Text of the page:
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When President Hosni Mubarak allowed the Wafd to emerge from a prolonged period of dormancy in 1984, Serageldin proved a skilful political operator given the limits imposed on a divided and decimated opposition, and made the Al-Wafd newspaper an instant success through its Asfoura (Sparrow) column exposés of corruption and mismanagement.
A minister by his early thirties, he held four portfolios in the 1940s, serving in the Wafd-led Government of 1950-52 as Interior and Finance Minister. His political career was abruptly suspended as the Free Officers' coup neared. Put on trial, he was sentenced to 15 years' imprisonment but released two months later. Several periods of detention followed under Colonel Nasser.
Serageldin did not return to the political landscape until 1978, when President Anwar Sadat, attempting to reinvigorate party pluralism, likened him to Louis XIV coming back from the grave. Political turbulence ensued, however, and Serageldin was one of a number to be imprisoned in 1981 in the twilight of Sadat's rule.
The Wafd Party sprang from the delegation formed by the nationalist Saad Zaghloul in 1918 to demand complete independence from the British, and was officially founded a year later. Serageldin upheld the party's tradition for democracy, bisectarianism and liberalism, but in courting the Muslim Brotherhood was thought to have exceeded a remit to broaden its popular appeal.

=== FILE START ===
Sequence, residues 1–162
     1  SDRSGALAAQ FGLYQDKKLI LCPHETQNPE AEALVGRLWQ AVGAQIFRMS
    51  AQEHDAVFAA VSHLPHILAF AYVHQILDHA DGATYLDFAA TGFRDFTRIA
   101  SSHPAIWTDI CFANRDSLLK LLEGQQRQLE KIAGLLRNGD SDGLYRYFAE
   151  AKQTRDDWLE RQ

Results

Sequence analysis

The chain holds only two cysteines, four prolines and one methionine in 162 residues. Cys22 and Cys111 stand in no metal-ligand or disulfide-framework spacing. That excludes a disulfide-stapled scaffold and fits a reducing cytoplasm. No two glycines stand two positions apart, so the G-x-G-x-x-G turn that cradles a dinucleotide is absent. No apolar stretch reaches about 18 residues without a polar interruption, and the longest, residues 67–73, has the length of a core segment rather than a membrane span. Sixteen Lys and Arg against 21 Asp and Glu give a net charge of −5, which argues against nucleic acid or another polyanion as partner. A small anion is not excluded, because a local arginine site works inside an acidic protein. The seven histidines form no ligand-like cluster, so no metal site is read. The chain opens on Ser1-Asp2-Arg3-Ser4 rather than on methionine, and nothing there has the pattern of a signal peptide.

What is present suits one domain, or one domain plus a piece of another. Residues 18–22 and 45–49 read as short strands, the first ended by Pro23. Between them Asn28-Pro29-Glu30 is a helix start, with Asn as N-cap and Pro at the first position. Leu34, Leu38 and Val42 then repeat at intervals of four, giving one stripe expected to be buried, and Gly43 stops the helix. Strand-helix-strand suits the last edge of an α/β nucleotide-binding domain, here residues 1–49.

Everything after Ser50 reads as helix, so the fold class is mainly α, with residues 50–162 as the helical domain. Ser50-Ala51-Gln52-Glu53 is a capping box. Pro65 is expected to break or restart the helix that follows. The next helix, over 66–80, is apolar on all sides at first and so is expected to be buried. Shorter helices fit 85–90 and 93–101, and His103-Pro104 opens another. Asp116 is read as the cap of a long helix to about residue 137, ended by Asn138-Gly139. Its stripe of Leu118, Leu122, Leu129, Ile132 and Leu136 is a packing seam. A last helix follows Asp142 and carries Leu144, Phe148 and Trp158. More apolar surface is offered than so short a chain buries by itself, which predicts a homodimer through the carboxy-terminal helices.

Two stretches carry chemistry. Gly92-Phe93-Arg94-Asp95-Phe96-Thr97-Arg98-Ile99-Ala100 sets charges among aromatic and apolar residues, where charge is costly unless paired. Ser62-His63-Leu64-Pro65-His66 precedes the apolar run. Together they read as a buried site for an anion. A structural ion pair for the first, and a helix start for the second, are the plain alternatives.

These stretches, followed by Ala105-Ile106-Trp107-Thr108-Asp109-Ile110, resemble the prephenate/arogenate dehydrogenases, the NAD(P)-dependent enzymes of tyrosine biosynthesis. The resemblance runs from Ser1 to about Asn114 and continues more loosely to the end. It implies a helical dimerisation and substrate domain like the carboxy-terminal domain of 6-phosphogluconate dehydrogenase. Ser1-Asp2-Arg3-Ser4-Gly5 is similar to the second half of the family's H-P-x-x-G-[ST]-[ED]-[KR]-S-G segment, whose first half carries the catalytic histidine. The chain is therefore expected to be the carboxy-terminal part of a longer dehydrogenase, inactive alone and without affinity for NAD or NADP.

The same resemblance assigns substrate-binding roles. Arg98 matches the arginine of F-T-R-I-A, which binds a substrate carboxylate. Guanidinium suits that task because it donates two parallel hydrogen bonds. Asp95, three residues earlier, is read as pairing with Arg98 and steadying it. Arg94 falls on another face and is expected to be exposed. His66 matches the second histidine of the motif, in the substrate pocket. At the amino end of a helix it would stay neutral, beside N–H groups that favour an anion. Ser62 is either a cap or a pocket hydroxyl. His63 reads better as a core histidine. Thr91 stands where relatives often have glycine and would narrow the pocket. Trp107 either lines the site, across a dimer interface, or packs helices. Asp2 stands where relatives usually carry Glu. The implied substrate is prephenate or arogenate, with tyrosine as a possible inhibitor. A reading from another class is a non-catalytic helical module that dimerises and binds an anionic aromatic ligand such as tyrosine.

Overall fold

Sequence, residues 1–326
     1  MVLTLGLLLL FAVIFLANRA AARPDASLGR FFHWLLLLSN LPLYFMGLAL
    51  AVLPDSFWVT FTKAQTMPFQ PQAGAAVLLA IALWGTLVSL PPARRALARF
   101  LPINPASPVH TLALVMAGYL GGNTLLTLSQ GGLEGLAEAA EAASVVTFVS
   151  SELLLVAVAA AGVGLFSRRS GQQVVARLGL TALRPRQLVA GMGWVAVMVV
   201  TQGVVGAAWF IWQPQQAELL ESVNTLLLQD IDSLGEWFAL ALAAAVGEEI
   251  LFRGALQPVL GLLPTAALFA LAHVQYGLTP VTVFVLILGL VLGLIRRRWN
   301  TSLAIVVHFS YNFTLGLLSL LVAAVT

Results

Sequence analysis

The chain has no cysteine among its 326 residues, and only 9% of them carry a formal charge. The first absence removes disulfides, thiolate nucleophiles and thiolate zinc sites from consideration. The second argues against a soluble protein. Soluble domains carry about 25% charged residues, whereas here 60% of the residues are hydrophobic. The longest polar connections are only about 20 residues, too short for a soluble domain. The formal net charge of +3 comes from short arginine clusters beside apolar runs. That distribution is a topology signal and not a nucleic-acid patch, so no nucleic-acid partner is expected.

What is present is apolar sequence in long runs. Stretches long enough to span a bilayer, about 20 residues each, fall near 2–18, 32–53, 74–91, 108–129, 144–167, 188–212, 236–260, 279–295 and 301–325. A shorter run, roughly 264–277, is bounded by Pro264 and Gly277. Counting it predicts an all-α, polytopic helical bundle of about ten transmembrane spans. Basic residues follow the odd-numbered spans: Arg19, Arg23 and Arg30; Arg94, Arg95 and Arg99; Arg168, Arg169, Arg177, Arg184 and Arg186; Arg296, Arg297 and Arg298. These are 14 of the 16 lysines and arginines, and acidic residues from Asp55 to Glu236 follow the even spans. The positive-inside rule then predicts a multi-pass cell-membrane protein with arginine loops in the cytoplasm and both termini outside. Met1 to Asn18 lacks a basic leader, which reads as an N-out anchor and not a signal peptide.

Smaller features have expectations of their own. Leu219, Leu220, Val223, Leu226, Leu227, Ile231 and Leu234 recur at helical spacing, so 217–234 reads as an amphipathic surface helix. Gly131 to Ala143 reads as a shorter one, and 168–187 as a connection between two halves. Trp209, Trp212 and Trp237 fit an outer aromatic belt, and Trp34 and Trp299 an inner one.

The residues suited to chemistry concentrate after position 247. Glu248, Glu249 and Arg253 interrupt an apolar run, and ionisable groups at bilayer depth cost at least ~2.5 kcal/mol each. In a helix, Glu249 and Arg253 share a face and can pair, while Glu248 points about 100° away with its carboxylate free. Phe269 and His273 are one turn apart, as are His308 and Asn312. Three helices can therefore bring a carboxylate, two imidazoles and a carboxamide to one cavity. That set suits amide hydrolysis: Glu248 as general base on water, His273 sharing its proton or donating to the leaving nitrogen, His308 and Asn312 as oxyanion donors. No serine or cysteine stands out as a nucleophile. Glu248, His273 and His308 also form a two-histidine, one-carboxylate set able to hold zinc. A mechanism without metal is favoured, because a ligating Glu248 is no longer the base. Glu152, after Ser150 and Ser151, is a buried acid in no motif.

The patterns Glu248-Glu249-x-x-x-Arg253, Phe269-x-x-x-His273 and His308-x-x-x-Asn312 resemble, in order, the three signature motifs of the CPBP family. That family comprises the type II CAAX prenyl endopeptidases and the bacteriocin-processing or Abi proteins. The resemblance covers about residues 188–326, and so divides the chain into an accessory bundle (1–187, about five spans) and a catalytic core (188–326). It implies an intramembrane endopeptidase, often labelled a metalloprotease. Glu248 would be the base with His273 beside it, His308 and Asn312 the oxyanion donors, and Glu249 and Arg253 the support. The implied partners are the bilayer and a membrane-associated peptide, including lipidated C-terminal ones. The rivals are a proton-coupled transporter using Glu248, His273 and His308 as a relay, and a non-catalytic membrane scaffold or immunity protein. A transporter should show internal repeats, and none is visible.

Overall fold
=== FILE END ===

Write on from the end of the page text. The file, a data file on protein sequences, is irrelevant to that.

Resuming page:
He would later take credit for ordering police in Ismailia armed with rifles to engage in a futile battle against British troops using light artillery, but this merely precipitated the burning of Cairo a day later on 26 January 1952, and the Government's immediate dismissal. His political longevity typified Egypt's political ossification, and he was sometimes criticised for leading a party of the past rather than the future. However, the New Wafd Party survived as a significant opposition party, contributing to the 2011 Egyptian Revolution.
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